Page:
Chawrasia breaks jinx, wins Hero Indian Open
After being the bridesmaid no less than four times over almost half his life time, SSP Chawrasia finally won the Hero Indian Open at the Delhi Golf Club, the scene of his first career international win eight years ago.
Chawrasia, who was a scrawny 19-year-old, when he finished runner-up to Arjun Atwal in his home club, the RCGC in 1999, was runner-up three times more – in 2006 to Jyoti Randhawa; to Siddikur Rahman in 2013 and to Anirban Lahiri in 2015.
Chawrasia, who started the day, two clear of Terry Pilkadaris (76) and four clear of Anirban Lahiri (69) and Rashid Khan (72) shot one-under 71 including a superb birdie on 18th, to finish two ahead of Lahiri and Korean Jeunghun Wang (68).
Chawrasia tallied 15-under 273, while Lahiri and Wang were at 13-under 275. Rashid Khan finished Tied-sixth, while Shiv Kapur (70) was T-10 along with Rahil Gangjee (72) as five Indians finished in Top-10.
Chawrasia won US $ 276,660 and received the trophy from Mr. Pawan Munjal, Chairman, Managing Director and CEO of Hero MotoCorp. He also gets his European Tour card back and almost sealed his berth to the Olympic Games.
“There was an incredible sense of relief as I holed that last putt,” said Chawrasia. “Last night I was restless and tense and called up Jeev Milkha Singh to ask him how to deal with the situation. He has a lot of experience and has won many times in many places. He spent a lot of time talking to me and calming me. He asked me to focus only on my game and not get bothered even if someone else goes on a birdie charge. That’s how I kept focused despite the brilliant start by Anirban Lahiri.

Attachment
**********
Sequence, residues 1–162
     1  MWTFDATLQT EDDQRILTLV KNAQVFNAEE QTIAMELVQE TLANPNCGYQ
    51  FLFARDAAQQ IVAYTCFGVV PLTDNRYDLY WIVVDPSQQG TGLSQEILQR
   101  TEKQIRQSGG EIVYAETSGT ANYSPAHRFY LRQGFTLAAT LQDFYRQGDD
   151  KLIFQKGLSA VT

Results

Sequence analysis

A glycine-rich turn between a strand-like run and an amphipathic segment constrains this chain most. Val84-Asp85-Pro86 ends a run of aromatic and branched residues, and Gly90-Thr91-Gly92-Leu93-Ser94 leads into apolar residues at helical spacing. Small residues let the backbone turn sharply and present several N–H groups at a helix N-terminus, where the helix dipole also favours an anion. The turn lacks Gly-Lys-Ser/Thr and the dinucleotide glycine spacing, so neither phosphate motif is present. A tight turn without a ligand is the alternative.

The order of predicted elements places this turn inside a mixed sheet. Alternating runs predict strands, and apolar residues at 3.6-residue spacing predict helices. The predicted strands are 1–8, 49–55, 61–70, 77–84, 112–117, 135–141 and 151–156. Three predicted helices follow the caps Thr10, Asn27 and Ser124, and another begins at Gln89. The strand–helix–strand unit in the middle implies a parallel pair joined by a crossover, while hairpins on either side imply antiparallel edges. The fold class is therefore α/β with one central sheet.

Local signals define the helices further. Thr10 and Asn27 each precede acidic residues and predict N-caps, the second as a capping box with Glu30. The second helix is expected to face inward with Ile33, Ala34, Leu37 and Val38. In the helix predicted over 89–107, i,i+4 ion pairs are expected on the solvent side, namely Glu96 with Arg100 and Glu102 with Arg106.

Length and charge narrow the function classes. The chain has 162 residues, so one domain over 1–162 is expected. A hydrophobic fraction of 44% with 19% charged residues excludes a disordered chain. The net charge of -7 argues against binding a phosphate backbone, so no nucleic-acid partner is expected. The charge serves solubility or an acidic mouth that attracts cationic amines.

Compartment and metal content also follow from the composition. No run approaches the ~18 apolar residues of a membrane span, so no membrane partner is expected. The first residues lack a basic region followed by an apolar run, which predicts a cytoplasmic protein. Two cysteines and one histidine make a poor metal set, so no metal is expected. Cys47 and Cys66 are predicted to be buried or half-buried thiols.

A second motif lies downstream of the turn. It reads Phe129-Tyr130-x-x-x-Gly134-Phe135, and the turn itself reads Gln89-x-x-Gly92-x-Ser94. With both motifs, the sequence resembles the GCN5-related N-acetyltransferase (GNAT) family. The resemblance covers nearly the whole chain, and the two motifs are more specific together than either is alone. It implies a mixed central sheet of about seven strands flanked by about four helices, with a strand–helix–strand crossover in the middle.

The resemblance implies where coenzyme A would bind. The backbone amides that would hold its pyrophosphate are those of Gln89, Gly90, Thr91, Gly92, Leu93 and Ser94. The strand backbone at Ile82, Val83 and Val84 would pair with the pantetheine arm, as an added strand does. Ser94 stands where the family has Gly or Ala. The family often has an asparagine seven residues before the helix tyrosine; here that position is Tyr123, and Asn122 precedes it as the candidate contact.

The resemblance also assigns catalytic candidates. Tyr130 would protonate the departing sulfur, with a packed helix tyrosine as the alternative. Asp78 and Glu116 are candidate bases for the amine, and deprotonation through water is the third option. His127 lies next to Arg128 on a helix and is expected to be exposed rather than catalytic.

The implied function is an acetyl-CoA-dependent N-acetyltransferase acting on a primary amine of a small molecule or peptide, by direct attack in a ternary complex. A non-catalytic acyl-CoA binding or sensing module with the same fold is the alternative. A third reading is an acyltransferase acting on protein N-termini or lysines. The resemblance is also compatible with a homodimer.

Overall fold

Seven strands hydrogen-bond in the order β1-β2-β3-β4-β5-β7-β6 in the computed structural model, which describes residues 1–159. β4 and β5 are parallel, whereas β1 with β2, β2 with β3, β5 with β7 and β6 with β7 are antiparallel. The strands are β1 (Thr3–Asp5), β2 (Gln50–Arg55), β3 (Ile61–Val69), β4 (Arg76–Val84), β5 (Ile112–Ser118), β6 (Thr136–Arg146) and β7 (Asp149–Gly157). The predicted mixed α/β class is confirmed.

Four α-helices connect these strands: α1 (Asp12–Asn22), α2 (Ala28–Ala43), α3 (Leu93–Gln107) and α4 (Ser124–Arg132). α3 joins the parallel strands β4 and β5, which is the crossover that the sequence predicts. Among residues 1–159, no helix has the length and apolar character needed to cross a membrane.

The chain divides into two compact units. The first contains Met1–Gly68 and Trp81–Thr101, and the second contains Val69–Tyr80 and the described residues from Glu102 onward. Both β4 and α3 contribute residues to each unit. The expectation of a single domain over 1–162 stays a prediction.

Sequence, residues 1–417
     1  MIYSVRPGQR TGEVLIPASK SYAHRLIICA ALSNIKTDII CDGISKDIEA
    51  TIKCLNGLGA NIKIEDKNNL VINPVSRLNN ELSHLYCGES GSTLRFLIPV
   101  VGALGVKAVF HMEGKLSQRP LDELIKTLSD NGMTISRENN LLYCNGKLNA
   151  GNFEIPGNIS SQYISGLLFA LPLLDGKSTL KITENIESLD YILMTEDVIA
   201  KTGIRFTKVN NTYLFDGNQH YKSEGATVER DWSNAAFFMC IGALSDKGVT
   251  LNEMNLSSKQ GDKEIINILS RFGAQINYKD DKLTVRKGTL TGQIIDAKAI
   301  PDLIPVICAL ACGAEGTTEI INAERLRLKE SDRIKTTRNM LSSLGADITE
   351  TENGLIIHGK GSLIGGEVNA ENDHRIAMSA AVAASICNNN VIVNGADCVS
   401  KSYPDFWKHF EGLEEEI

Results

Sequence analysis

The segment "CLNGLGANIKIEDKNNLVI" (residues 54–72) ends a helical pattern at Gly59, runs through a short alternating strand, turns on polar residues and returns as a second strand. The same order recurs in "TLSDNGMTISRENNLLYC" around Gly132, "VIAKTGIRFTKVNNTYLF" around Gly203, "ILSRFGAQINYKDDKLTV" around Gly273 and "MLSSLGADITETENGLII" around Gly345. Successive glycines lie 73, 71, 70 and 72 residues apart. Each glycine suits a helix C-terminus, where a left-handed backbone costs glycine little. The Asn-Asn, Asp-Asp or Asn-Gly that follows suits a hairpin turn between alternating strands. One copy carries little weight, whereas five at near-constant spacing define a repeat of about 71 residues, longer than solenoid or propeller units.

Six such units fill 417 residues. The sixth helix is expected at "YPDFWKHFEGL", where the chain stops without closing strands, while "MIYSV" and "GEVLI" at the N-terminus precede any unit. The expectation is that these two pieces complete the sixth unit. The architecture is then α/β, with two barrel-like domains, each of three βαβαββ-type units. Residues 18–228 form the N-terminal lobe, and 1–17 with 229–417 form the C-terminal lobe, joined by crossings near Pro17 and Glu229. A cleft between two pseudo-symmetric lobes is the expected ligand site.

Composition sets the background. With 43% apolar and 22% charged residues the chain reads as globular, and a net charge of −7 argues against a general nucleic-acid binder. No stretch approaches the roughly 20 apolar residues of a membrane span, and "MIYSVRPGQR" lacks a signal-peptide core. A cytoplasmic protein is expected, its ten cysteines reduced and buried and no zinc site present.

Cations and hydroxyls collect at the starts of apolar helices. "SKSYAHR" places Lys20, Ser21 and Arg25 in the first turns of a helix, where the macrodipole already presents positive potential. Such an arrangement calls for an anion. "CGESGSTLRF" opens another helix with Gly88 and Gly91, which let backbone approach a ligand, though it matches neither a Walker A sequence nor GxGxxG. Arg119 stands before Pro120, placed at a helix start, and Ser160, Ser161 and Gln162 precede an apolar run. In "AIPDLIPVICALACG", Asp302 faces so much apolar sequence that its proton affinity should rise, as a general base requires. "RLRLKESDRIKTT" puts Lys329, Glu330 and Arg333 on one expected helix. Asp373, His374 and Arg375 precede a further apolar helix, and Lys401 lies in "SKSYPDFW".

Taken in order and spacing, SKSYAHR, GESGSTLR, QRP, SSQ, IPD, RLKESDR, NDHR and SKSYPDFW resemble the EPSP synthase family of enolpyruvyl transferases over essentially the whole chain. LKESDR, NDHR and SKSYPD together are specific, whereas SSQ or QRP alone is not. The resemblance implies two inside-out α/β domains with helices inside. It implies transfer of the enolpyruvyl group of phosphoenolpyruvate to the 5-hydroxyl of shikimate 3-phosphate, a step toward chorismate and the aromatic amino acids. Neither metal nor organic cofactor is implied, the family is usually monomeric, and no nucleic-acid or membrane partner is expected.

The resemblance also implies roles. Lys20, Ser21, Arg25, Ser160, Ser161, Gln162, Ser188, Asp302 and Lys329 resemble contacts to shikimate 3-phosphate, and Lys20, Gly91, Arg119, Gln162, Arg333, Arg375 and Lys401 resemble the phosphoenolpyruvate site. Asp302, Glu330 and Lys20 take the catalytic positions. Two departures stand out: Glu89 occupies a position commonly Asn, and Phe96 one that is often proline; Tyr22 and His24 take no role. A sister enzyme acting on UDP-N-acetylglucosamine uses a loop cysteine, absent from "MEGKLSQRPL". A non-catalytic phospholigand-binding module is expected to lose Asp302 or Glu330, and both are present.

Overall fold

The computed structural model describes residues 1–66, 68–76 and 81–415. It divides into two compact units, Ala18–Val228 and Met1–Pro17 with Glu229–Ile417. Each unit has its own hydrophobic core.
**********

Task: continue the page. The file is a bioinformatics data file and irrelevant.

The two-stroke victory at the Delhi Golf Club secured Chawrasia a full-time return to the European Tour besides the US$276,660 and it has also more or less sealed his berth to summer’s Olympics in Rio, where he will join Lahiri.
Chawrasia’s previous European Tour wins came in the co-sanctioned events – the 2008 Indian Masters at DGC and the 2011 Avantha Masters at DLF. In 2014 he won the Panasonic Open at the DGC, so the 2016 Hero Indian Open marked his third win at the DGC, where he has now finished in Top-10 ten times.
Chawrasia rode a combination of short game wizardry and a lion’s heart to get over the line with a final round. Starting the day two ahead of Terry Pilkadaris (76) who dropped way down to T-15, Chawrasia was four ahead of Lahiri at the start.
But the defending champion, Lahiri who made a dash from US to defend his title, wiped that lead by the sixth hole with a birdie-birdie-birdie start and Chawrasia’s bogey on sixth.
But Chawrasia hung in with birdies on eighth and 13th and Lahiri managed only one more birdie on 14th and also had a bogey on ninth. On the 18th Chawrasia stood tall under pressure.